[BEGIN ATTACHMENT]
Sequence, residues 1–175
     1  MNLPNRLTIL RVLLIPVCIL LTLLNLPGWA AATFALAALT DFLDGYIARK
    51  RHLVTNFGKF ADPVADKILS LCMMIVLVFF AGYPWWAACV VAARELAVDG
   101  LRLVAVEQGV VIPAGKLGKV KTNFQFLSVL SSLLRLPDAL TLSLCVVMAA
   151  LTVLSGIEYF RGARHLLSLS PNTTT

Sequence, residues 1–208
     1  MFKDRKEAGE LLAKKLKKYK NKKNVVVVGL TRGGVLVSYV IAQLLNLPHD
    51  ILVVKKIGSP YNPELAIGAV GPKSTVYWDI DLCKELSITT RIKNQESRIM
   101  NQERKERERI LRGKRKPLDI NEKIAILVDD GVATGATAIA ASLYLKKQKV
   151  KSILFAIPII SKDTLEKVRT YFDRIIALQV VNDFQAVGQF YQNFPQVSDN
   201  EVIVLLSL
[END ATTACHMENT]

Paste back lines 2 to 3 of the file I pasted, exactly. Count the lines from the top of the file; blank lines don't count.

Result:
     1  MNLPNRLTIL RVLLIPVCIL LTLLNLPGWA AATFALAALT DFLDGYIARK
    51  RHLVTNFGKF ADPVADKILS LCMMIVLVFF AGYPWWAACV VAARELAVDG